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VENICE 2020 Out of Competition

Review: The Ties

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- VENICE 2020: In Daniele Luchetti’s opening film of the 77th Venice Film Festival, unhappiness is something to be shared with the whole family

Review: The Ties
Alba Rohrwacher and Luigi Lo Cascio in The Ties

After last year’s opener, Hirokazu Kore-eda’s The Truth [+see also:
film review
trailer
interview: Hirokazu Kore-eda
film profile
]
, the Venice Film Festival continues putting dysfunctional families first. In Daniele Luchetti’s out-of-competition flick The Ties [+see also:
trailer
interview: Daniele Luchetti
film profile
]
– the first Italian title to get the coveted spot in 11 years, interestingly enough – misery loves company indeed, and if said company happens to consist of one’s very own nearest and dearest, so be it. At least this way, you always know where they hide their biggest secrets.

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Starting in 1980s Naples, it’s the kind of story that goes bad really fast – as soon as Aldo (Luigi Lo Cascio) decides to tell his wife and a mother of two (Alba Rohrwacher), Vanda, that he has, in fact, sinned. As his extramarital affair with a younger colleague intensifies, Vanda seems to be losing her footing, and so do their kids. Once tragedy strikes, he makes a decision – he will stay away, for their sake, or maybe his own. But that’s not how family ties work, and usually, love is just the beginning.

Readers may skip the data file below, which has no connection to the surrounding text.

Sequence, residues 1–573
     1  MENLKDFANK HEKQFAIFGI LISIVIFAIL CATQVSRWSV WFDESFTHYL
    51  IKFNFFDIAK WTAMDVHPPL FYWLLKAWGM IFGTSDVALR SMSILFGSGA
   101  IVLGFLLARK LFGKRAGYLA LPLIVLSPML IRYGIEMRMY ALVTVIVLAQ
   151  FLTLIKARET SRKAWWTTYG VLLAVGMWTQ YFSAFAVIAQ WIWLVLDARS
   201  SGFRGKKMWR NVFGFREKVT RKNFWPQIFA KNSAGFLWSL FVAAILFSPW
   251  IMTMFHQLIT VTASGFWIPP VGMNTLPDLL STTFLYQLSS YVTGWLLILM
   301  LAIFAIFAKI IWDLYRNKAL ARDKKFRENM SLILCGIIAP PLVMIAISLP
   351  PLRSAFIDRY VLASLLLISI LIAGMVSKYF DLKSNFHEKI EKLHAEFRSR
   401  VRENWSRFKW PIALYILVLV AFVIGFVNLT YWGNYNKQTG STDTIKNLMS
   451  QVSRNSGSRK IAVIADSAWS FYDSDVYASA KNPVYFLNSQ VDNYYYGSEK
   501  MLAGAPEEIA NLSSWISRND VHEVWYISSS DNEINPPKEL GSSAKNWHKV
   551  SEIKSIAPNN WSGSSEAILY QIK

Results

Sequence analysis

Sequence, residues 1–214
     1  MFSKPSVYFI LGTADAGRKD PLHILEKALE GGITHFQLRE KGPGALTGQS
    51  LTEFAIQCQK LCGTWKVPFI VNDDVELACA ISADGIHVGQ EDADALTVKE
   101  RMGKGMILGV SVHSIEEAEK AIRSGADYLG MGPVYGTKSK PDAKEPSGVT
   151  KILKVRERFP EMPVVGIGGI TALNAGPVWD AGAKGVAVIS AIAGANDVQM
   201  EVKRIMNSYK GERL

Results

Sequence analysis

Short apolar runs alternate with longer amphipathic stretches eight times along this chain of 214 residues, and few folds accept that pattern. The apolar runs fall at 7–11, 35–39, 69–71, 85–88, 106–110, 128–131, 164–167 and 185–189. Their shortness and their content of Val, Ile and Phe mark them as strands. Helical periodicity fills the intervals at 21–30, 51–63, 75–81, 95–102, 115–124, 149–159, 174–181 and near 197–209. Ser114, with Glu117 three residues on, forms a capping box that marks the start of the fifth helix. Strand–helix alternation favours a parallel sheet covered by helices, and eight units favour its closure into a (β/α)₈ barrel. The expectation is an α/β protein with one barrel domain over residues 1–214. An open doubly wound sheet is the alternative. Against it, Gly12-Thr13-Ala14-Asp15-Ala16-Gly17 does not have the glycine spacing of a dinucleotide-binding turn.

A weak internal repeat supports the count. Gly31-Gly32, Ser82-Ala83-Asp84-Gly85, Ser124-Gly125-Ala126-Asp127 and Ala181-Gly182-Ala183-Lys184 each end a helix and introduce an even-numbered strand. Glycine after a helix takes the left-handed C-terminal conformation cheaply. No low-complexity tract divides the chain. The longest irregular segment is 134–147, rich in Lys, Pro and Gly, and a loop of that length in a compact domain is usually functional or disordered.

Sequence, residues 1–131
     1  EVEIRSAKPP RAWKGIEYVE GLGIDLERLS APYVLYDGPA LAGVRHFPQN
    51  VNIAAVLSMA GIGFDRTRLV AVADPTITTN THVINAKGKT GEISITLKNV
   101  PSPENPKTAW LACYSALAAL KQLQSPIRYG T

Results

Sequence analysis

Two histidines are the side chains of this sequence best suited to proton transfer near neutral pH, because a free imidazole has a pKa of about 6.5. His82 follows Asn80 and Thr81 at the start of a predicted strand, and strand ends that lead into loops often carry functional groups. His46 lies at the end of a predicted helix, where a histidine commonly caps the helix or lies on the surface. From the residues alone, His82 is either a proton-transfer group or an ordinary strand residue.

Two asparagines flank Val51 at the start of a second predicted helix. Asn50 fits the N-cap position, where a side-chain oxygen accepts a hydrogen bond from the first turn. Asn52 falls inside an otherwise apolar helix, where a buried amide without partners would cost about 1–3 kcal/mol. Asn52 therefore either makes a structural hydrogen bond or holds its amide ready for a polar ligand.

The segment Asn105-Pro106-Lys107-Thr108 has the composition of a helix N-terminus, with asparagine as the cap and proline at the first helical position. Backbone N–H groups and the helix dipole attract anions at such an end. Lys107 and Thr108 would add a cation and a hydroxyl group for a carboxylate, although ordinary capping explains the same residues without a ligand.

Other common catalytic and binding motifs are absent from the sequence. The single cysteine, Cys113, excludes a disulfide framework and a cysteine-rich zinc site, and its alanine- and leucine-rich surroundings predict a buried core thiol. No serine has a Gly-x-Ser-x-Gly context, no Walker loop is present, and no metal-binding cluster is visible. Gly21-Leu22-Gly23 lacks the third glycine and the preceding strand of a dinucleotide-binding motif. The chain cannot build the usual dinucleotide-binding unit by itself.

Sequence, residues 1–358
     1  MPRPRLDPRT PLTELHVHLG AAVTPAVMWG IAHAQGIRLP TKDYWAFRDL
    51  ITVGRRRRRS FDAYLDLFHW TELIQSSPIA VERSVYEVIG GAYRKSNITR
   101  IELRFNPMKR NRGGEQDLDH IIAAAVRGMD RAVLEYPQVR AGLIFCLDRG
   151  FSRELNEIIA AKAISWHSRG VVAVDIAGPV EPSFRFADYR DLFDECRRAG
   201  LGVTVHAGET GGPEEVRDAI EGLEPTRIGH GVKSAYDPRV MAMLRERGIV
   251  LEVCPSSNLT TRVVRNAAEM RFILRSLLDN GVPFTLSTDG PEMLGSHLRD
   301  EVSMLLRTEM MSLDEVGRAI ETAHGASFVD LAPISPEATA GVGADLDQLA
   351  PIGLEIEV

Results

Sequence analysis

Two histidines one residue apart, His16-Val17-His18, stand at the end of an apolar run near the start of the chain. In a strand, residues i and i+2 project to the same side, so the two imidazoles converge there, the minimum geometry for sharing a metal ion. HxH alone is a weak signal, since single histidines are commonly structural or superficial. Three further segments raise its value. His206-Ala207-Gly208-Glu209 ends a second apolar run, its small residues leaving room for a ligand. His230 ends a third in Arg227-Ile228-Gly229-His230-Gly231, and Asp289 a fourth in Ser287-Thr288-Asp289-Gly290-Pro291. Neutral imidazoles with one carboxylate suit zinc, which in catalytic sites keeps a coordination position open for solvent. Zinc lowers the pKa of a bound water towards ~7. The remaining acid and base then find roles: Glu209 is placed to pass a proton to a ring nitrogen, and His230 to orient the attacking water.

Based on Domenico Starnone’s novel, The Ties certainly embraces literary embellishments: it’s in the way people talk here, arguably to very uneven effect, or in the way Aldo, a somewhat famous radio personality, addresses his listeners every day. But ultimately, it’s what’s left unsaid that starts to catch up with them, or rather with the reality they were led to believe they both wanted. It still takes its sweet time, though, as Luchetti pretty much shows 30 years of solitude here: of bad choices, hurtful comments and then, just to confuse things further, of shy smiles and the kind of intimacy that comes only with time and refuses to go away.

He has more fun with it, too, much more than the concept of a decades-spanning family saga would usually suggest – jumping back and forth (sometimes confusingly so) and swapping points of view. Its theatrical mannerisms sometimes stand in the way, but The Ties can also be pleasantly dark and twisted, especially when it’s not trying too hard or giving in to the melodrama, and Aldo’s secret box from Prague is at the centre of only a few of its many mysteries: the true origin of a beloved pet’s name or a rather unconventional method of tying one’s shoelaces being the least problematic. But for all its characters’ faults, lies and daily acts of emotional sabotage, thanks to some decent acting, nobody is a real villain here – not even a delivery girl, scamming the older-yet-no-wiser Aldo out of €30 with nothing more than a kind word. “To stay together, you mustn’t talk. Bare essentials,” he points out at another point. If only people would listen.

The Ties is an Italian production staged by Beppe Caschetto for IBC Movie and Rai Cinema, and co-produced by Valentina Merli for Misia Film. The Italian distribution is courtesy of 01 Distribution, while the world sales are handled by mk2 films.

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